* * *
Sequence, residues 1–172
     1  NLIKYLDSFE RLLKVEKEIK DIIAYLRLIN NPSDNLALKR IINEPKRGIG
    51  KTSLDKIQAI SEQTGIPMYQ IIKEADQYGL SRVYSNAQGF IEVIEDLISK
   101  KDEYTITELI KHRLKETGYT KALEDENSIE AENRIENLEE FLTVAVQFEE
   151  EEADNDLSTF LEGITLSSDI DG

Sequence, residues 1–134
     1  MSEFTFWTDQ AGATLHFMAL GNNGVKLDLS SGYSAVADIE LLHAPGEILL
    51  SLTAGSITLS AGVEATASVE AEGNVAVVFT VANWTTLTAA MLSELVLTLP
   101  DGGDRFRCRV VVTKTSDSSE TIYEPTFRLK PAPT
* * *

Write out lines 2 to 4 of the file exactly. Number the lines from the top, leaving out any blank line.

     1  NLIKYLDSFE RLLKVEKEIK DIIAYLRLIN NPSDNLALKR IINEPKRGIG
    51  KTSLDKIQAI SEQTGIPMYQ IIKEADQYGL SRVYSNAQGF IEVIEDLISK
   101  KDEYTITELI KHRLKETGYT KALEDENSIE AENRIENLEE FLTVAVQFEE